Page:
The shipbuilding industry is also suffering. As the financial crisis has spread, ship owners have faced financing difficulties. Worse, the sector, which had enjoyed surging demand in recent years, will experience a sharp decrease in new orders soon. Most new orders, however, will go to Korean shipbuilders when economic difficulties deepen.

Commentary: Safe bet to say virtually any Korean comapny accustomed to easy credit terms in the last decade since "The IMF Crisis" is feeling financing difficulties?

IT sectors such as semiconductors and wireless communications devices will also see a sharp downturn. Semiconductor exports have fallen for four consecutive months due to falling prices resulting from oversupply, and are expected to face a prolonged slowdown. Exactly when semiconductor prices will rise again is unknown.

Commentary: Over-reliance on these two industries has been often commented upon and is the sticking point of moving Korea's industrial export dominated economic model towards an innovations led economy. Any suggestions and /or plans for this?

Demand for semiconductors is likely to fall significantly. Ju Dae-yeong of the Korea Institute for Industrial Economics and Trade said, “Since semiconductors are a kind of intermediate goods used to make electronics goods, personal computers and mobile phones, demand for semiconductors will fall when demand for consumer goods decreases.”

Exports of wireless communication devices such as mobile phones will slightly decrease. Industry experts say they will also be affected by economic conditions but demand for those devices will not fall significantly since Korea’s mobile device manufacturers have diversified their export markets. They have exported high-end goods to advanced economies, mid- and low-priced devices to developing economies, and parts of wireless communications devices to China.

Commentary: There still appears to be the expectation that developed economies are the root causes and singular affected parties at this time. Many opinions suggest that the global fallout in world trade will be significant reduction in developing economies trade.

The petrochemical industry is sensitive to economic conditions. Korea mostly produces petrochemical goods in China and exports to developed economies. Given that, China’s economic slowdown will inevitably deal a serious blow to Korean petrochemical companies. Samsung Economic Research Institute director Kim Jae-yoon said, “Since many Korean companies first export their goods to China and later to the U.S., most Korean industries will be influenced by the economic slowdown in advanced economies.”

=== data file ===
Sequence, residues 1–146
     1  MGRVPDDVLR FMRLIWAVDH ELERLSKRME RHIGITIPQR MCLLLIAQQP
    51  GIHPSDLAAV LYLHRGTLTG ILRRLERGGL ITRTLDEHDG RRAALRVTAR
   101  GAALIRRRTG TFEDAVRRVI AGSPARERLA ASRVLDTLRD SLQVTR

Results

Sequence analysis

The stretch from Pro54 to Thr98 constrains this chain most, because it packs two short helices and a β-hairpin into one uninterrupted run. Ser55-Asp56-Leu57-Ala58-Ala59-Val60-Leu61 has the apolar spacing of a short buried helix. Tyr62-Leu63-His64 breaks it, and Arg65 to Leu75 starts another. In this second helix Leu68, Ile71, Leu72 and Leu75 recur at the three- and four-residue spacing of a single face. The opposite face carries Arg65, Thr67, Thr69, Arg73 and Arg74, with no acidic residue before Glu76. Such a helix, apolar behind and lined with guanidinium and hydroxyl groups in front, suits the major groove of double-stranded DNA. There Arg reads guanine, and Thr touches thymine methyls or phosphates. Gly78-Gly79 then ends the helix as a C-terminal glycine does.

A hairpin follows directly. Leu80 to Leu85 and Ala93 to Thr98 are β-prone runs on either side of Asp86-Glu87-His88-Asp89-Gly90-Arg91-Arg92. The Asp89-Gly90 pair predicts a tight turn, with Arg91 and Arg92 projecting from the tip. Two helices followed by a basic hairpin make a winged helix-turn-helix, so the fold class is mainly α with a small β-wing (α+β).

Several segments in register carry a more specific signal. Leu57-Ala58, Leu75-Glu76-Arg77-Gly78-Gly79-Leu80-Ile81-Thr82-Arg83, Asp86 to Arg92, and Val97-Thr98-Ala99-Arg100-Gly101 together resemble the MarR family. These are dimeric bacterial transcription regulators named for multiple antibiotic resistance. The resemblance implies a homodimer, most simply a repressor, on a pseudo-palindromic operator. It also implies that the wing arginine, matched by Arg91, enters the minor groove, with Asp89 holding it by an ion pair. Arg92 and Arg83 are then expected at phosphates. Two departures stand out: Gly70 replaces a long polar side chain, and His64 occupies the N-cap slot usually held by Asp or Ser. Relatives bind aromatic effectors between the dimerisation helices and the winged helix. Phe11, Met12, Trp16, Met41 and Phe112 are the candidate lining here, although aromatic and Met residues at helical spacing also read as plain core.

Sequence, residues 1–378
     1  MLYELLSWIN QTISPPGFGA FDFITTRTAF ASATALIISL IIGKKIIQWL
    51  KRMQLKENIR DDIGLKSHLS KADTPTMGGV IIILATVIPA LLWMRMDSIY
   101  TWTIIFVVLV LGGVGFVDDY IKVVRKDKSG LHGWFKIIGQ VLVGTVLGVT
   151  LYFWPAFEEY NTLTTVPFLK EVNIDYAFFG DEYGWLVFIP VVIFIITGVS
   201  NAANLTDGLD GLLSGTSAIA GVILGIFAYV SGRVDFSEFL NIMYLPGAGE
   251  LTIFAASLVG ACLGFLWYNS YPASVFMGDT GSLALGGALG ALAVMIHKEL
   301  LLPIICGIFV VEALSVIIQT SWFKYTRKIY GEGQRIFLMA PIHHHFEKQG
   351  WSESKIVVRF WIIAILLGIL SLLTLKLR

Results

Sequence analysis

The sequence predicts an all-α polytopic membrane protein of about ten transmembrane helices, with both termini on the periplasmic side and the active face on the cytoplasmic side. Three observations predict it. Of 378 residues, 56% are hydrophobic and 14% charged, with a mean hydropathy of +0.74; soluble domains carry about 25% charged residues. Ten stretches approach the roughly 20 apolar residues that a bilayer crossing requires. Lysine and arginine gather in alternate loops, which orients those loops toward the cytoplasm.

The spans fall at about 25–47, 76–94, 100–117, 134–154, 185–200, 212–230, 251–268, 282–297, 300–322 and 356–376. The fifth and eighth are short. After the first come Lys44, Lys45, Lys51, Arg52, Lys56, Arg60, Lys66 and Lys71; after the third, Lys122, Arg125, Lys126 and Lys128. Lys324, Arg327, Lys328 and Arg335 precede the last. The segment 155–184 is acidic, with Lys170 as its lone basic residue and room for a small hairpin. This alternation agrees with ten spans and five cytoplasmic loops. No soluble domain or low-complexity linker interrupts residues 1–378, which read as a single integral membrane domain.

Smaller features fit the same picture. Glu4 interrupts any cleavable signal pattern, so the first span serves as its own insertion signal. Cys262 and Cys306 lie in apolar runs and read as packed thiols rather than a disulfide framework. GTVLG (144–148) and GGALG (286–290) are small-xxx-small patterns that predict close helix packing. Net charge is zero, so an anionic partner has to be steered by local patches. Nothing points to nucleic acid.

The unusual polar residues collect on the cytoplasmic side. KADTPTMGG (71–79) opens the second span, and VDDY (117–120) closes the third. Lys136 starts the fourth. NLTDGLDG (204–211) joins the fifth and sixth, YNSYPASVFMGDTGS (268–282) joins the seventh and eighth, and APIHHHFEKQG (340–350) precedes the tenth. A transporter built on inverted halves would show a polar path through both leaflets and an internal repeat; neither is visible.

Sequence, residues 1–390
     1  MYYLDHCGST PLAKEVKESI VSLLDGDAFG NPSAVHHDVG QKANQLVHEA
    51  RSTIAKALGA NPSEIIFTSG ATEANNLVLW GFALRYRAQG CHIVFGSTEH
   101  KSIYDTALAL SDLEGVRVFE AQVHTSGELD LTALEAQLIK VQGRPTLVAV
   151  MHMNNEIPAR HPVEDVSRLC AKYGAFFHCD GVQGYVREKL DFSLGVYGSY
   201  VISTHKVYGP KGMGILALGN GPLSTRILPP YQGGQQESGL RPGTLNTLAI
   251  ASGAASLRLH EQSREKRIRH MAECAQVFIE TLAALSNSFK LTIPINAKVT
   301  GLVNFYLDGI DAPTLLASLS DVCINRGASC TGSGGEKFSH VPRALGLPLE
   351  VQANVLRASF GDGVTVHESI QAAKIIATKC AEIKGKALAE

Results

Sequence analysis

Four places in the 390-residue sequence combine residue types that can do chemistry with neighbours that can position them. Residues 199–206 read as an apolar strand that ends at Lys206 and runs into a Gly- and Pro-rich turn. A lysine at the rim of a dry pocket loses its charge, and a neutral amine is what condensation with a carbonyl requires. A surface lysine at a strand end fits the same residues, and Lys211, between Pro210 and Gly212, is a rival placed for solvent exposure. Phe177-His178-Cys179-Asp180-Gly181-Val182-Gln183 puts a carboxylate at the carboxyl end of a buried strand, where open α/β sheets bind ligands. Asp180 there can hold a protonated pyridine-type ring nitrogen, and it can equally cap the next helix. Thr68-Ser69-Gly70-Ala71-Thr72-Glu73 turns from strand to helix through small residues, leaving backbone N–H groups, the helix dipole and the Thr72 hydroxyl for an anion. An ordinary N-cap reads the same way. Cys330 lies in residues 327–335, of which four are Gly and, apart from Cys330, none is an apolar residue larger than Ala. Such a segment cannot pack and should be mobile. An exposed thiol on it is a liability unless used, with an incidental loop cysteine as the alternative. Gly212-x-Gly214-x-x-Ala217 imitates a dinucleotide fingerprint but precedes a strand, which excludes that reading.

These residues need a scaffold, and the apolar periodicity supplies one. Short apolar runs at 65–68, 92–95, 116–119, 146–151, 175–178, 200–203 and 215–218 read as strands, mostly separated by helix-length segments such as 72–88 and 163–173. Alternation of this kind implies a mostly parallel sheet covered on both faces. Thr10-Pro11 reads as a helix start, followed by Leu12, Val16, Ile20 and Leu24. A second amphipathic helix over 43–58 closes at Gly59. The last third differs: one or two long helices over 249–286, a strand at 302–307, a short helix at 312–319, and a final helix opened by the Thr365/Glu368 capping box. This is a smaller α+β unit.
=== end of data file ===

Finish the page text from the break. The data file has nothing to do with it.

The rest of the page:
Commentary: Again this admission is a good one and how large is the percentage of those goods? I would reckon up to 75% of Korean trans-shipments to China are destined for developed markets.

Korea’s textile exporters, however, could see a surge in profits this year given the weak won. Textile exports are likely to fall next year, however, due to weakening demand. Korea’s textile and clothing producers have avoided the negative influence of the economic slowdown since they have mostly sold low-priced goods to large-scale discount stores, but could suffer from falling demand when the global economy worsens.

Commentary: These textile producers are also facing stiffer competition from nations like India, China and Sri Lanka. It would be over-optimistic to expect Korean textiles to out-price these other nations.

13 Foreign Airlines Pull Out of Korea


13 Foreign Airlines Pull Out of Korea

By Kim Hyun-cheol
Staff Reporter

The cold spell hitting the global economy is also bringing chills to the airline industry, as with financial pressure intensifying, foreign carriers have begun suspending flights to Korea, government officials said Friday.